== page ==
Phone Etiquette for the 21st Century

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Those like myself, who grew up when dinosaurs roamed the Earth, remember an entirely different phone system than we have now. Most had a phone in those days (talking about the 50s and onward) but they were all landlines run in from unsightly poles. Furthermore, in many cases, we had to share this line with one or more other people. Now this is not like having multiple phones on the same plan sharing minutes. This is a matter of essentially sharing the phone line itself. In other words, only one person could use it at a time.

Back then, phone manners comprised not only the usual salutation and farewell, but dealing with other people outside your family, usually, but not always, your neighbors. Some were on the phone all the time, others might listen in to your conversations, and other annoyances like that, which are incomprehensible to those who are used to having their own cell phone, possibly from adolescence onward.

Protocol back then dictated if someone on your party line picked up their phone twice, the polite thing to do was hang-up and give the other person a chance to use it. Of course, some people would do this within a minute, which put the rudeness on them. If there was a family on your party line who had one or more teenagers, you can imagine how this worked, though admittedly there are plenty of adults out there who talk as much or more.

There was also the matter of long-distance calls. They were expensive. If you had out of state friends or relatives, or even out of your local area, it could cost you an arm and a leg to conduct long-winded conversations. Writing letters was the norm, since there was no email, either. Special calls for birthdays, holidays and family emergencies were often the only long-distance calls made. That was the Golden Age of Hallmark, when you’d send a card in the mail.

Now we have entirely different issues. Not only are party lines long gone (thank heavens), but now your phone goes with you everywhere. And this creates a whole new set of issues, especially for those of us who aren’t addicted to them.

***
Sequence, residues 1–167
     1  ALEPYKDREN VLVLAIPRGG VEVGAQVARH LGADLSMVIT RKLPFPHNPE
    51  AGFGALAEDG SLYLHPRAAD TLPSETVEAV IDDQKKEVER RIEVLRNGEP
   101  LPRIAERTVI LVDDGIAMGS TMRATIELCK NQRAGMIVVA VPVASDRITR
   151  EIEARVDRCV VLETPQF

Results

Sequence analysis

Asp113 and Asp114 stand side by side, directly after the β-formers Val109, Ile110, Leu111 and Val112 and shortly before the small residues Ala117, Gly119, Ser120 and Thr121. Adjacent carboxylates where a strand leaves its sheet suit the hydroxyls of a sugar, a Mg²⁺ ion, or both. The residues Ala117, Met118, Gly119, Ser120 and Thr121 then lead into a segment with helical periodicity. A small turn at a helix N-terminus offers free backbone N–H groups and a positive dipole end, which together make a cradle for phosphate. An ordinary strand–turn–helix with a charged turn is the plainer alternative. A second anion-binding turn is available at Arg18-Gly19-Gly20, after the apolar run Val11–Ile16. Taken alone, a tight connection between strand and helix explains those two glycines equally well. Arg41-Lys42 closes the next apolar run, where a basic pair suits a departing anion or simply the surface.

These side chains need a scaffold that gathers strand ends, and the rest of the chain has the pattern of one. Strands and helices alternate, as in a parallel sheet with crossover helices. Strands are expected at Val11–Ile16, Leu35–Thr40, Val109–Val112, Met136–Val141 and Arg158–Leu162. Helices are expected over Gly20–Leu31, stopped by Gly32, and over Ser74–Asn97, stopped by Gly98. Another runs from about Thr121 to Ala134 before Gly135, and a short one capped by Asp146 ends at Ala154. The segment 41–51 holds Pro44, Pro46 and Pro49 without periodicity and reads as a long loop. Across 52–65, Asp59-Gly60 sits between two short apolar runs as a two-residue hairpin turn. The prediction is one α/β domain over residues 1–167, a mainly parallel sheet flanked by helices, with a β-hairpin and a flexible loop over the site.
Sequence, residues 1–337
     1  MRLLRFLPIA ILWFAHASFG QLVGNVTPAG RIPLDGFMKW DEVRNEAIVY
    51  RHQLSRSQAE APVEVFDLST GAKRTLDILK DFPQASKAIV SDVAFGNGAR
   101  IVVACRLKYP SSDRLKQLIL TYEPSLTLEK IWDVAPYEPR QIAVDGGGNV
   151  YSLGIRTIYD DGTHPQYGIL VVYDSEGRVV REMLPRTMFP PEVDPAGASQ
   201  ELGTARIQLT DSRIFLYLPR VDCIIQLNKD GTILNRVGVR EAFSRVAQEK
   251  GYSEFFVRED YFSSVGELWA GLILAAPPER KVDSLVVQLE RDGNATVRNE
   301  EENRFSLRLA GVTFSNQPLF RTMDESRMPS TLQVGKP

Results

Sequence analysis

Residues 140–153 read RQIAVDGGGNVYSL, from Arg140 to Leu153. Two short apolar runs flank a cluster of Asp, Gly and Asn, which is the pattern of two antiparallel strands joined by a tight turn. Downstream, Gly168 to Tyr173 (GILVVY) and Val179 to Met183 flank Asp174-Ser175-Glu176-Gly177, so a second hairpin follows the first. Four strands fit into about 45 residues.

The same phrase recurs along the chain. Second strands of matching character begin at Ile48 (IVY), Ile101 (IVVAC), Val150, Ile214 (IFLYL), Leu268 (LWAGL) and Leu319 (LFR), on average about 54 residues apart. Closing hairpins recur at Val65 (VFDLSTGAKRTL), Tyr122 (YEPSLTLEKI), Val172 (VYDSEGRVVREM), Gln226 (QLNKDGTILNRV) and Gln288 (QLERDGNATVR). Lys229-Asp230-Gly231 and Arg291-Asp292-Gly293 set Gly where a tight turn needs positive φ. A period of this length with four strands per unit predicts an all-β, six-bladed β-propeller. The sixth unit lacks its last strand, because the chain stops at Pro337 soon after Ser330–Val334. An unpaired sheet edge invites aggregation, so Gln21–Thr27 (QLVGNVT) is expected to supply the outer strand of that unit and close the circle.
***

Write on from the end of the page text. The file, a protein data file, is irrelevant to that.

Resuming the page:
If everyone in the room has their nose in their phone, then that’s one thing. In fact, texting someone in the same house or even room is not unheard of. This, needless to say, is rather crazy to those of us who are as old as dirt. I suppose it can be related to passing secret notes in class or under the table. But how much of real life do you miss?

Don’t get me wrong, I’m not against texting. It comes in tremendously handy to exchange brief information in an unobtrusive manner. However, like email, it often replaces true communication, either by talking to someone face-to-face or via a voice call. Emoticons notwithstanding, it’s difficult to tell a person’s tone in a text. It is often easier to say something that way than you would ever say in person. This, of course, can lead to ugly confrontations as all restraint and manners depart. Many years ago, back in the 90s, when I worked at NASA, one of our bosses had an informal rule that after three emails on a subject were exchanged it was time to pick up the phone and talk it out. Or, if numerous people were involved, get together and have a meeting. Not a bad bit of advice today.

I guess what irritates me most and what motivated me to rant are the people who can’t live without their phone. They are constantly either talking, texting, or looking something up. Their attention is on their phone, not you or anyone else who’s there. This is bad enough in a group, but one on one it’s incredibly rude. If you met someone for lunch you haven’t seen in years, why would you spend that precious time checking your phone for text messages? If you’re waiting for life or death information, that’s one thing, but you know what I’m saying. Or someone comes over to visit and then spends the time paying more attention to their phone. How does that make you feel? Clearly that the phone is far more important.